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Pitfalls of the Infinite Playlist

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Were you a child of the 70s, 80s, or 90s? If you were, you probably remember your first music album — whether it was on vinyl, cassette, or CD.

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Mine was a cassette tape of The Doors Greatest Hits.

The album had a distinct beginning, middle and end — starting slowly with Hello, I Love You and ending in a flurry with LA Woman. I enjoyed taking that journey with Jim each time I listened.

Beginning with the original iPod’s promise of “1000 songs in your pocket,” today’s model of the seemingly infinite playlist, while on the one hand amazing, has, as a side effect, devalued each song and has obscured the album as we once knew it.

At Otto Radio, we recognize the same challenge with news and podcasts.

While TV stations still provide an encapsulated broadcast due to the linear nature of the medium and programmed time constraints, most on-demand news sources subscribe to the infinite playlist.

This puts the burden of search and curation on the user. Unfortunately, most of us don’t have time to make the perfect playlist everyday.

We’ve become a generation of “content surfers” navigating a vast, sometimes overwhelming sea of music and information.

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Jerry Seinfeld foreshadowed the content-surfing generation with his observation: “Men don’t care what’s on TV. They only care what ELSE is on TV.”

How then can we avoid being overwhelmed in this new world of the infinite playlist?

A Little Science for Ammo

To answer this question, let’s consider how our brain processes information.

It turns out that, unlike Jim Morrison, most of us are at peace with clarity and order.

We can break down the way our brains process information into three categories of cognitive load:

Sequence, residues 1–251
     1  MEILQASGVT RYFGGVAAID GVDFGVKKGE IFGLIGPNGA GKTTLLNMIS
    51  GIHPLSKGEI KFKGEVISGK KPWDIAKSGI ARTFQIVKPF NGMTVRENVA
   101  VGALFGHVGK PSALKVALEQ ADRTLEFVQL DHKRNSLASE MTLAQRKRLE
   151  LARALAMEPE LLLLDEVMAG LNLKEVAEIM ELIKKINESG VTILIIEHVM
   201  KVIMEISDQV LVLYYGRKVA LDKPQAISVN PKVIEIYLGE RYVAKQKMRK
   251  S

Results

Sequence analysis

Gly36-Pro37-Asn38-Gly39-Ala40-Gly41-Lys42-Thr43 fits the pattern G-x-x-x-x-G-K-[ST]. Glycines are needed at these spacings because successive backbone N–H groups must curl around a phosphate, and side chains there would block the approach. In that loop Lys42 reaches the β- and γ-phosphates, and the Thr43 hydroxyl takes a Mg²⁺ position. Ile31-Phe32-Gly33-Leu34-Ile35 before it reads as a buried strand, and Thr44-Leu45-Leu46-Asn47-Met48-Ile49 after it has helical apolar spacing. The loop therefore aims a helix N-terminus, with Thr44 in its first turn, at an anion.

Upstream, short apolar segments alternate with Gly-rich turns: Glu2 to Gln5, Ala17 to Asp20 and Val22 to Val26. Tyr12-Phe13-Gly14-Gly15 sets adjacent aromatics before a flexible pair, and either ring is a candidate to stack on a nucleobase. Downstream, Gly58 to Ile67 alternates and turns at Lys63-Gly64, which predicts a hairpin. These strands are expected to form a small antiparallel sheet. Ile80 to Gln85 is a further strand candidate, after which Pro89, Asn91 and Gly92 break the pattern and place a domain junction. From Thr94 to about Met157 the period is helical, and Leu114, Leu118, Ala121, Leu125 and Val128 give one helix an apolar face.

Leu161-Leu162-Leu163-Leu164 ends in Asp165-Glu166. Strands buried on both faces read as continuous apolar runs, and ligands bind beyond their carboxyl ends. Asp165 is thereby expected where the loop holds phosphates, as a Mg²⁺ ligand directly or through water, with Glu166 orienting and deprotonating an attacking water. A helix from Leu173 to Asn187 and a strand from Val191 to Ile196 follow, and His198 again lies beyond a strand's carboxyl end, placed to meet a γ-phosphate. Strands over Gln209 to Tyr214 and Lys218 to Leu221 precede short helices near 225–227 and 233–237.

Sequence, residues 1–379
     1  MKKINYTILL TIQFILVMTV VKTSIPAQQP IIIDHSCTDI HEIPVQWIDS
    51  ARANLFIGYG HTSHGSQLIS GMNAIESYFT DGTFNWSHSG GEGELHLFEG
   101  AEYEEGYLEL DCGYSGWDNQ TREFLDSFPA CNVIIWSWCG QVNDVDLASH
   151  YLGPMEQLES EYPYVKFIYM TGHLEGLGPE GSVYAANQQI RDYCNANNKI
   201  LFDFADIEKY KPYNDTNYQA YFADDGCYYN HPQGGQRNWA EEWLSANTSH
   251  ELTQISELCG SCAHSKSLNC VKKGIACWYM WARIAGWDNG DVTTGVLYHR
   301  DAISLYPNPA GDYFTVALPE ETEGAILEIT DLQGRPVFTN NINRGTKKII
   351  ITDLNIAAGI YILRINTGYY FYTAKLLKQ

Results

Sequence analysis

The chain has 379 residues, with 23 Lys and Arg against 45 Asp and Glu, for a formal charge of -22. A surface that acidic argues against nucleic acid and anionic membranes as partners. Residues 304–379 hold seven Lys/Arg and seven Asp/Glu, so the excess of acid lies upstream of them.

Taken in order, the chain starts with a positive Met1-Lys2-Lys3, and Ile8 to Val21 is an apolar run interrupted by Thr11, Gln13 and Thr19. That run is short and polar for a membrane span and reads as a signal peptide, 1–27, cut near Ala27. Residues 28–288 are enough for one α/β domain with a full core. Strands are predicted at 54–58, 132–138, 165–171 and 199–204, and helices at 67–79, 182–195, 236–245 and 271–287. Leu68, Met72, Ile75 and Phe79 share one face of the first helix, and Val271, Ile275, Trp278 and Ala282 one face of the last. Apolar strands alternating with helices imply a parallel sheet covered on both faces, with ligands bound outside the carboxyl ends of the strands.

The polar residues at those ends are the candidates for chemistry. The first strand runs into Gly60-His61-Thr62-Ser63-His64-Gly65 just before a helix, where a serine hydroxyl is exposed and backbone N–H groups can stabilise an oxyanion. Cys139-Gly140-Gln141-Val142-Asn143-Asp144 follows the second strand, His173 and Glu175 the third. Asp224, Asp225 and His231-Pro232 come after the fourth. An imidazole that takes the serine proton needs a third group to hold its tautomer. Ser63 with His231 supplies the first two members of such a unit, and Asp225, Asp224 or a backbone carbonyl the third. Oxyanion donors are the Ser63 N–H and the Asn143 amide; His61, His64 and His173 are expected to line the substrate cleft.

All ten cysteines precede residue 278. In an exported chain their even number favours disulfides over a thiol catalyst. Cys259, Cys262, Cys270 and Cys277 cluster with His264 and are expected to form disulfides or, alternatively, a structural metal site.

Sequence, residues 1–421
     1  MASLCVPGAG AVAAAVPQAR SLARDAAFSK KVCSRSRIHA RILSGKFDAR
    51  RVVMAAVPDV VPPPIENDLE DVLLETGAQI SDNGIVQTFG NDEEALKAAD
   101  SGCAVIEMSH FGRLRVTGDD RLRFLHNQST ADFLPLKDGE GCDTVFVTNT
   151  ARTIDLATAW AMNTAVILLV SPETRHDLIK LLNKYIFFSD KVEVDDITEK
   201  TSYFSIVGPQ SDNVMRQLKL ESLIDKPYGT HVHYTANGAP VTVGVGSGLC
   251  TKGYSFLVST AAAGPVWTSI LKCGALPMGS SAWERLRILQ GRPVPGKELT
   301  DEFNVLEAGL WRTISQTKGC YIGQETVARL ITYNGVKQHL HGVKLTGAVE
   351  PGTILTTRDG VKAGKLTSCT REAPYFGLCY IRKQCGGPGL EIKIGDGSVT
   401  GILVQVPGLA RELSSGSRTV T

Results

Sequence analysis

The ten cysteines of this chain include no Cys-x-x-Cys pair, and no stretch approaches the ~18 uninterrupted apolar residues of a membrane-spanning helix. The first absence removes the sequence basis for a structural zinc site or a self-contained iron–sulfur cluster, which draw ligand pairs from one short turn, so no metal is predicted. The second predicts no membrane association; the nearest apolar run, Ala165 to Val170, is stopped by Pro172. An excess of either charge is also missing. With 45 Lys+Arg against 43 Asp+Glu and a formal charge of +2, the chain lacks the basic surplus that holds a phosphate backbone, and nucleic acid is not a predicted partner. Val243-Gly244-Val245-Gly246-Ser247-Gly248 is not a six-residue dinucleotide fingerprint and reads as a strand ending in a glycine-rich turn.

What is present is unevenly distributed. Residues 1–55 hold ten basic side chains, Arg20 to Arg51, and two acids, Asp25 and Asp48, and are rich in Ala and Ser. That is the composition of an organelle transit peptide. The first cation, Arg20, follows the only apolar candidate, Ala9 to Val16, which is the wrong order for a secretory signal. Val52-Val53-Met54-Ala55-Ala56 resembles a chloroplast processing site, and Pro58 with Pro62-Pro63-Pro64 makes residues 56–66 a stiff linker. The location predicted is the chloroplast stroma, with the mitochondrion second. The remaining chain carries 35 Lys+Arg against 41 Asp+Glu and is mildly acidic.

1. Intrinsic: The inherent complexity of the subject matter . Think quantum mechanics. Not much to do here except simplify. Think Science for Dummies.
  2. Extraneous: The noise surrounding the subject matter. We want to minimize this noise with good design.
  3. Germane: The schema or framework that commonly surrounds the subject matter. This can be positive if a little germane load up front makes intrinsic understanding easier. Think tables of content, floor plans and flowcharts.

Could it be then, that the infinite playlist, with its lack of focus and structure, increases distractions and deprives us of the germane cognition necessary to better comprehend the material within?

Addressing the Challenge

We’ve addressed these challenges, at the core of our product, by presenting a curated, structured broadcast matched to the length of your commute.

Our curation process is based on your interests and feedback. So, you’ll get more of the stories you want the more you listen.

The structured, finite broadcast allows you to focus on the material by knowing what type of content to expect next and how much of it you’re going to get.

The Otto Radio broadcast has a consistent structure (like a table of contents), so you’ll know to expect news flashes, then podcasts, then in-depth articles in that order, every time.

Our goal is to move away from surfing endless stories, and move toward the “album” model, so you can experience a broadcast that you’ll love from beginning to end.